Category archives for Human rights

Rethinking Recovery: Labour market exploitation and austerity in the UK

Stopping labour exploitation requires effective regulation of the labour market, not scapegoating migrant and vulnerable workers Explaining the Conservative government’s decision to appoint a Director of Labour Market Enforcement, Immigration Minister James Brokenshire declared: ‘Exploiting or coercing people into work is not acceptable.  It is not right that unscrupulous employers can force people to work or live in very poor … Continue reading

5 July 2016 by
Categories: Economics, Employment, Human rights, Rethinking Recovery, SPERI Comment | Tags: , , , | Leave a comment

‘Troubled Families’ or ‘Troubled Bankers’?

Daniela and Johnna

There is no end to welfare in sight; yet welfare is no longer for the poor As we all know, the 2008 financial crisis exposed major flaws in contemporary financial markets; the continued public-policy response is an unprecedented commitment to open-ended corporate welfare to the financial services sector and, in particular, banks.  In the UK at last count, the ‘direct … Continue reading

3 December 2014 by
Categories: Economics, Finance, Housing, Human rights, Political theory, Politics and policy, Social science, SPERI Comment, Tax, Welfare | Leave a comment

Dilemmas for the left on EU citizenship

Owen Parker

The principle of non-discrimination is not necessarily a threat to welfare and the vision of a social Europe On 11 November the European Court of Justice (ECJ) ruled that two Romanian nationals, and therefore EU citizens, Elisabeta Dano and her son, Florin, could legitimately be denied the right to claim benefits in Germany designed to cover the recipients’ subsistence.  The … Continue reading

25 November 2014 by
Categories: Employment, Europe and the EU, Human rights, Politics and policy, Social science, SPERI Comment, Welfare | Tags: , , , , , , | Leave a comment

The rule of law and the common sense of global politics

Christopher May

The conventional wisdom on the value of the rule of law actually masks uncertainty about its purpose and beneficiaries The rule of law is often presented as preferable to the rule of men or the rule of force.  Indeed, in the last couple of decades it has become a central part of the ‘common sense’ of global politics – an … Continue reading

22 October 2014 by
Categories: Human rights, Politics and policy, SPERI Comment | Tags: , , | 1 comment

Time to get serious about forced labour in supply chains

Genevieve LeBaron

We now know that our shopping carts are full of forced labour. So why are governments and industry doing so little to stop it? In June 2014, The Guardian ran a headline news story revealing the widespread use of conditions it described as modern slavery, human trafficking, and forced labour by employers in the Thai prawn industry.  It traced the … Continue reading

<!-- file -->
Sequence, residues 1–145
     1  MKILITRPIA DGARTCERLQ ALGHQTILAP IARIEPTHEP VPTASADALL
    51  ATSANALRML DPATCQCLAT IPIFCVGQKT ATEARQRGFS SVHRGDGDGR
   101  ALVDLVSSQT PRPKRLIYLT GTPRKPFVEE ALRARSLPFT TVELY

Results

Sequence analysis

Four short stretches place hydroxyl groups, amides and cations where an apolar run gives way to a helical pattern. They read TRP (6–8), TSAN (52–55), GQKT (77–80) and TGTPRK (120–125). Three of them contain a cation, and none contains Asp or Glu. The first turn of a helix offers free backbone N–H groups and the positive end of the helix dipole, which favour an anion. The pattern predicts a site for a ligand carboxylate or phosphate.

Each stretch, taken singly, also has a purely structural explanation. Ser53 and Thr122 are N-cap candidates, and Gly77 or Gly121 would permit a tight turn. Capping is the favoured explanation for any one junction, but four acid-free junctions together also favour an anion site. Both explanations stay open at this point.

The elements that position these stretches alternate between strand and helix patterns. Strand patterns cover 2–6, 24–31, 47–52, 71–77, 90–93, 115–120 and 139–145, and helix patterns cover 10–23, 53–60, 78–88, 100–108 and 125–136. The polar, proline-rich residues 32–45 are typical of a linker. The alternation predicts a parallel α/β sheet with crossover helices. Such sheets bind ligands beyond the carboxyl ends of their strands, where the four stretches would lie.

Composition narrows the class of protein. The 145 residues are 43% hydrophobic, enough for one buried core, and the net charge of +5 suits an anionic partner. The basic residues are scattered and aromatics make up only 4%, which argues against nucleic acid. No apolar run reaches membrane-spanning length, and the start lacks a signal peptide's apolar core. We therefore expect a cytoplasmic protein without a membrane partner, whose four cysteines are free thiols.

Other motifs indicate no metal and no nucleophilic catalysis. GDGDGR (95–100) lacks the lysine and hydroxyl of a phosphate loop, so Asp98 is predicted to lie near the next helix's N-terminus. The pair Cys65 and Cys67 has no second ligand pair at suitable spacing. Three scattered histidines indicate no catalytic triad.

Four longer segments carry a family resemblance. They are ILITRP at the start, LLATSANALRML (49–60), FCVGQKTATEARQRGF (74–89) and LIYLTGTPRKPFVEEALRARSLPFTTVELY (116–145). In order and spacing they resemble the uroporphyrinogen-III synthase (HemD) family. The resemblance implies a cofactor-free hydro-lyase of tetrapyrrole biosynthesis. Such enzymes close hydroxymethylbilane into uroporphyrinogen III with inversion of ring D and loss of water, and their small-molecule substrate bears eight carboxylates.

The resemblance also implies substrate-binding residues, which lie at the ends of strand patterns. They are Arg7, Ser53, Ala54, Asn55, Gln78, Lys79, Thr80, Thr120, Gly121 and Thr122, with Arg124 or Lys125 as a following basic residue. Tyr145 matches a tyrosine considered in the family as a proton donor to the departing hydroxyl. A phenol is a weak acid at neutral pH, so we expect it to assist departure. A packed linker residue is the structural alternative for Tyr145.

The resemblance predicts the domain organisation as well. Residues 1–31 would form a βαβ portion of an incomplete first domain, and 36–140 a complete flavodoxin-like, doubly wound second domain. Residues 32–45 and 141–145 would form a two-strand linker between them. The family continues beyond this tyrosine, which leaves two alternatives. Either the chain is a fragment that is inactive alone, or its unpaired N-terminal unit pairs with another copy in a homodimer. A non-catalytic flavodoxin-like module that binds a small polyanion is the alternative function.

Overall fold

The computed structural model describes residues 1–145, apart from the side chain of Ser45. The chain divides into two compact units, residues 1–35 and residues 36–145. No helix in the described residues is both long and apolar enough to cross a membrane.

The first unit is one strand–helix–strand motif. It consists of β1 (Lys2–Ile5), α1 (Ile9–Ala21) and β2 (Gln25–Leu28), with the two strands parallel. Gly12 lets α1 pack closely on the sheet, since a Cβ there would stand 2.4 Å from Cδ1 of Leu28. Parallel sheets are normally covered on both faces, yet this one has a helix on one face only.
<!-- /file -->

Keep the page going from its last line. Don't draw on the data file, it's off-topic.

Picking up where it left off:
7 October 2014 by
Categories: Development, Economics, Human rights, Inequality, Politics and policy, SPERI Comment | Tags: , , , | Leave a comment

Reparations for slavery?

Matthew Bishop

The legacy of the slave trade lives on and forces us to think about political economy in new and uncomfortable ways In the mid-1700s, a number of highly overleveraged Jamaican sugar plantations suddenly and unexpectedly collapsed.  Trevor Burnard has recently questioned whether this represented ‘an early warning that West Indian planters were not the masters of the universe in the … Continue reading

20 March 2014 by
Categories: Employment, Human rights, SPERI Comment, trade | Leave a comment

Unpacking the 2013 Human Development Index

The UNDP claims ‘the Rise of the South’ is having a significant impact on economic growth and societal change In a notable challenge to the gloom of recession in the West and all the continuing and, indeed scarcely unjustified, talk of continuing crisis, the United Nations Development Programme (UNDP) recently published its 2013 Human Development Report (HDR) under the arresting … Continue reading

16 May 2013 by
Categories: Development, Global South, Human rights, Inequality, SPERI Comment | 2 comments

Horse meat, tax, human labour conditions – in that order?

Nicola Phillips

The horsemeat scandal and corporate tax evasion have caused a huge public outcry, so why do stories of terrible working conditions go largely unnoticed? Like others, in recent weeks I have been moved to reflect on how, in comparison with the depth of outrage about horsemeat’s infiltration of beef production in the UK, the issue of labour conditions in supply … Continue reading

3 April 2013 by
Categories: Human rights, Inequality, SPERI Comment | 2 comments

The underbelly of the global economy

Nicola Phillips

Labour exploitation is the rotten root of the global economy, and we need a broader and tougher approach than is currently on the cards to deal with it Few can have failed to notice the slew of stories in recent weeks on a common theme: the prevalence of labour exploitation within the global economy. The stories are harrowing. They include … Continue reading

29 November 2012 by
Categories: Global crisis, Human rights, Inequality, SPERI Comment | Leave a comment